Activists in Olympia have charged police brutality in the case.
A spokeswoman for the Olympia Police Department said the department had no contact with McCrae in the past and would be assisting California authorities in their investigation. The department would not be conducting an investigation of its own.
If anybody—his parents, classmates, investigators—knows what McCrae was supposedly doing in Red Bluff on the night Mobilio was killed, they aren’t saying. He has no record of ever being in trouble there, much less being there at all. Investigators acknowledged that they recently found his car, a maroon Mustang that they believe McCrae used in the crime. (See Newslines, page 10, for updated information.)
In his pair of long Internet rants, McCrae displays a rather odd mix of liberal, anarchist and pro-gun politics. Combining solid rhetoric with a mishmash of radical provocations, he calls for a general strike in which “Homosexuals must support the Christian Creationists. The Gun Rights Advocates must support the Nonviolent Protestors. The Skateboarders must support the Prostitutes. And vice versa.”
While he blames police for brutalizing, harassing and subjugating the American people, he simultaneously claims to sympathize with them.
“All police and all soldiers and all spooks are frustrated with their jobs,” he writes. “The leaders weigh them down with paperwork, and never deploy them to the hilt of their capabilities. Offer them a better world and they will come over.”
If McCrae, even in his wildest daydreams, might have thought that killing a police officer would attract people to his rather nebulous cause, he probably could not have picked a more inappropriate target than Officer Mobilio. Described by many as a large man with a sweet but mischievous nature, Mobilio was well-loved in the town of Red Bluff.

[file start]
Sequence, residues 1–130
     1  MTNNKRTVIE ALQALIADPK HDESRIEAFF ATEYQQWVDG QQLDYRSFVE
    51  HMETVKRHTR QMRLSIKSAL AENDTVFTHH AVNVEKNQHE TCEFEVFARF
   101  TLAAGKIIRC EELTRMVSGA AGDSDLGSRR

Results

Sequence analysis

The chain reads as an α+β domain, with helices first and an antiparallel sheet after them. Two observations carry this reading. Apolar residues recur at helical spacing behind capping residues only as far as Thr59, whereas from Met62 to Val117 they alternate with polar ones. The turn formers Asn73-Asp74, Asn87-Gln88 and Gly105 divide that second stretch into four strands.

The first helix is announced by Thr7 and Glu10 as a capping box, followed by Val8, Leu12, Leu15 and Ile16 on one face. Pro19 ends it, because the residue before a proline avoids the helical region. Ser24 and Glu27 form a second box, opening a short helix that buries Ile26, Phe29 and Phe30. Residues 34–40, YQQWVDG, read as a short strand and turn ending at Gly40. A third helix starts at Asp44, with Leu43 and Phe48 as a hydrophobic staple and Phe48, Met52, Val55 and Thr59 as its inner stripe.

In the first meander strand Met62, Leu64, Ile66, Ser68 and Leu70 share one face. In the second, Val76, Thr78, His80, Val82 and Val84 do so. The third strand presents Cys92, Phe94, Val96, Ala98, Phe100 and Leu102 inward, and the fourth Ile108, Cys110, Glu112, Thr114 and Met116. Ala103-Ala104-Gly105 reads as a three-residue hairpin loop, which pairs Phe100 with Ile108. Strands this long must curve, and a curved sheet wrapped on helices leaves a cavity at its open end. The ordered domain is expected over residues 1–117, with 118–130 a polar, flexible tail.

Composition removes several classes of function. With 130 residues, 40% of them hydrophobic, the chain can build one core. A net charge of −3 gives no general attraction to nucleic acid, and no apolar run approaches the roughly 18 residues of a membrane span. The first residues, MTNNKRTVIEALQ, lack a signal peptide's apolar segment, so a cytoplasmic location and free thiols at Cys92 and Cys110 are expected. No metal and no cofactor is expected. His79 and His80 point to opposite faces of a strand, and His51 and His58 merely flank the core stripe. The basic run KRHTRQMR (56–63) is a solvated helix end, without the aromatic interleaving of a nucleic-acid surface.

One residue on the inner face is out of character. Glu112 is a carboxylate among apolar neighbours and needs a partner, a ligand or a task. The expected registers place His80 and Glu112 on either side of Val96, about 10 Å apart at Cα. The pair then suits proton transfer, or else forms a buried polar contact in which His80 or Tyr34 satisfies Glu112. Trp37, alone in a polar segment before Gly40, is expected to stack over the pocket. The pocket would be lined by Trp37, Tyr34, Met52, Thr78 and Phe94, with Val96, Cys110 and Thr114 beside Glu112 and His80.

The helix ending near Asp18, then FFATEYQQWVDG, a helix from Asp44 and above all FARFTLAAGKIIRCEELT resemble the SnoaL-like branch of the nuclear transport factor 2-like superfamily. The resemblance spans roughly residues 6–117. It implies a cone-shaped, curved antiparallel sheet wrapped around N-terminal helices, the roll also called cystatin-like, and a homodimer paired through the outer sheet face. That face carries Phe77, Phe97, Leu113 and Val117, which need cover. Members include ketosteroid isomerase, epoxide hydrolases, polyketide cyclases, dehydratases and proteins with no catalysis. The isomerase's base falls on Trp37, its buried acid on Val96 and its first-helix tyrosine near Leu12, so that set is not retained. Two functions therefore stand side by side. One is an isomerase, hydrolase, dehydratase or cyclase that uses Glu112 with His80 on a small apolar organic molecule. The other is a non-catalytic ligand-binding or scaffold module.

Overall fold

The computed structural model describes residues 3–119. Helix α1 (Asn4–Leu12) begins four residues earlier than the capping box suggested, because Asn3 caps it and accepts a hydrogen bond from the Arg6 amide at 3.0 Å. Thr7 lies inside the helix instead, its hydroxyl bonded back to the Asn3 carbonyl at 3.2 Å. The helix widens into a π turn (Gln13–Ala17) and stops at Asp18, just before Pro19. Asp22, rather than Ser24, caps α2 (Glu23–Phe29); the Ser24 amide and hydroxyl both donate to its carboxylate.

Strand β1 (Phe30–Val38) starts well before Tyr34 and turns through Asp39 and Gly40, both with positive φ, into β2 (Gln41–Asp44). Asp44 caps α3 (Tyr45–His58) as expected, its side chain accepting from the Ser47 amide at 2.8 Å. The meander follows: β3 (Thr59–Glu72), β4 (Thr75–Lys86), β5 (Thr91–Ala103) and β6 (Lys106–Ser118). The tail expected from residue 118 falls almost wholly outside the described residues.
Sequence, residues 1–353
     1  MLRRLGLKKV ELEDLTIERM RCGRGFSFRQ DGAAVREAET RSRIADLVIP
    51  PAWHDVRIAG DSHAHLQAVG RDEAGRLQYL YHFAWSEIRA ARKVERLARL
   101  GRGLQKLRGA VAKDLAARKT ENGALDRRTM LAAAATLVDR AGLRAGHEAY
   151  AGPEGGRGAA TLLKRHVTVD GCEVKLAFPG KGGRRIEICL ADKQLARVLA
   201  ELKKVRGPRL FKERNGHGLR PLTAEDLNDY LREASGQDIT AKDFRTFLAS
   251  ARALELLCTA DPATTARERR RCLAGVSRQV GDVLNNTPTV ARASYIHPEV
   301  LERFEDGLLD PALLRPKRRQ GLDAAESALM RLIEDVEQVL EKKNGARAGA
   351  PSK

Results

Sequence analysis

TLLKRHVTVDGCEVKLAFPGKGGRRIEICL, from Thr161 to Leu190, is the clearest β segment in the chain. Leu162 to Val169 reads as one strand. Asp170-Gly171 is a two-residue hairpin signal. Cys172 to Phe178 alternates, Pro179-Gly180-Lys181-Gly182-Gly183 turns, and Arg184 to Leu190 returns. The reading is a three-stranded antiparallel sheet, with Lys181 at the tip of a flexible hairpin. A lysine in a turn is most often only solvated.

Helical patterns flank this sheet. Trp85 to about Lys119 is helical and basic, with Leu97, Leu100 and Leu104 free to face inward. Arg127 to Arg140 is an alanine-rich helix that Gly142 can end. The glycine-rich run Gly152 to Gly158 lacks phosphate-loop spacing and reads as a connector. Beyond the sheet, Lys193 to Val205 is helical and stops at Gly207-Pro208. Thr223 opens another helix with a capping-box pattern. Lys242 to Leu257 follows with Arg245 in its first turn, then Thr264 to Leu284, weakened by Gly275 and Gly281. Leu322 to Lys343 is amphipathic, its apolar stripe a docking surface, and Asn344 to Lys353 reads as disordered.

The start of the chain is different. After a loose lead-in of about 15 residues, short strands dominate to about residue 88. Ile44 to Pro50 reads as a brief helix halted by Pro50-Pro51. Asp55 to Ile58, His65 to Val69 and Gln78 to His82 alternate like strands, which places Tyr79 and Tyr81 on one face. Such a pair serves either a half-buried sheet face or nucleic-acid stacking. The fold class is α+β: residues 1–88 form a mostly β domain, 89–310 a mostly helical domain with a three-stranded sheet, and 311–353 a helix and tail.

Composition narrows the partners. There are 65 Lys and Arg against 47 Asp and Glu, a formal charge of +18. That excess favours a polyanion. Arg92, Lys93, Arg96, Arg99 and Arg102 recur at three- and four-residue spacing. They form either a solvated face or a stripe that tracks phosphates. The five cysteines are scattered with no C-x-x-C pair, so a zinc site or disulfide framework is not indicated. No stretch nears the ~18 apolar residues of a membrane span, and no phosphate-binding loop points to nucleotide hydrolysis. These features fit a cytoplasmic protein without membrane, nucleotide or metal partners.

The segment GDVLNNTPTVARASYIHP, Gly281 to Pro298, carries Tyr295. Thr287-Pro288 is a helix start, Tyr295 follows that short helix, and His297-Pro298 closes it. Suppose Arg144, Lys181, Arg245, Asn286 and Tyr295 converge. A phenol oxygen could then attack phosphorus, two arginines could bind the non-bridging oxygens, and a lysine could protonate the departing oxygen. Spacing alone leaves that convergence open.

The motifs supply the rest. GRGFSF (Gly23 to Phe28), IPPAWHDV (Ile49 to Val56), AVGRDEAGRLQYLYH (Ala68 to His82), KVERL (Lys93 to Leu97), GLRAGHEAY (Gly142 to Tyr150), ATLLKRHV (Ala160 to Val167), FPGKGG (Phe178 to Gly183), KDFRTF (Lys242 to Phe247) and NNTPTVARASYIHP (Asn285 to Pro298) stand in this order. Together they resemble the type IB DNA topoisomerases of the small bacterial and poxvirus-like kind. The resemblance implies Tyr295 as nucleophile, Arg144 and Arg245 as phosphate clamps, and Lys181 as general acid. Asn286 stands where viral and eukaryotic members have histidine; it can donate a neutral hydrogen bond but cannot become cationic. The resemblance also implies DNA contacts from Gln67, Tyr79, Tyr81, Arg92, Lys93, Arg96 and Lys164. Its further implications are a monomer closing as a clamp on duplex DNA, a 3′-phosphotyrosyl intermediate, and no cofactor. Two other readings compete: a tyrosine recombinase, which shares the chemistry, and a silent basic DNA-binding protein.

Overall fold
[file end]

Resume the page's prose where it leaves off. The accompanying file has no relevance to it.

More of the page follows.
At his memorial, friends and coworkers described numerous pranks and practical jokes he had played on them, like swabbing his patrol sergeant’s car door handles with Vaseline. After every joke, Mobilio would offer his trademark line, “Dude, you’re killing me.”
The father of a 19-month-old son, Mobilio would often announce his homecoming after a shift by pulling into his own driveway, turning on the lights of his patrol car and addressing his wife over the P.A. system, “Honey, I’m home!”
Upon learning of his death, the kids he worked with in the D.A.R.E. program poured out their grief in letters written with crayons, posted among the hundreds of flowers and cards in the lobby of the tiny Red Bluff police station. Dozens of retired and off-duty emergency workers made pilgrimages to the station to leave donations for Mobilio’s family.
On the Internet site where McCrae posted his second manifesto, many Red Bluff residents unleashed their anger, threatening to “show [McCrae] what cop killers get.”
“You better hope and pray that they give you maximum security, cuz we will get you!” said one of the more benign posts.
Until he is extradited, McCrae will remain in isolation at Merrimack County Jail. According to the jail Superintendent Carole Anderson, McCrae has refused to wear jail clothes, preferring to drape himself in a green jail blanket. He refers to himself as a political prisoner, Anderson said, adding that he was not being combative toward his jailers.
McCrae, currently being held on a fugitive-from-justice warrant, will likely be extradited to Tehama County sometime next year, where he will stand trial for murder with the special allegation that he killed an on-duty police officer. Prosecutors will determine at that time whether McCrae will face the death penalty. McCrae’s lawyers in New Hampshire did not respond to several calls for comment.
At this point, the absence of facts in the case is more intriguing than what is actually known. As long as investigators continue to hold their cards so close to the vest, it could be sometime next year before the public finds out what prompted McCrae to take responsibility for the death of a Red Bluff cop.
Dirk Rabdau, in Olympia, and Tom Gascoyne contributed to this story.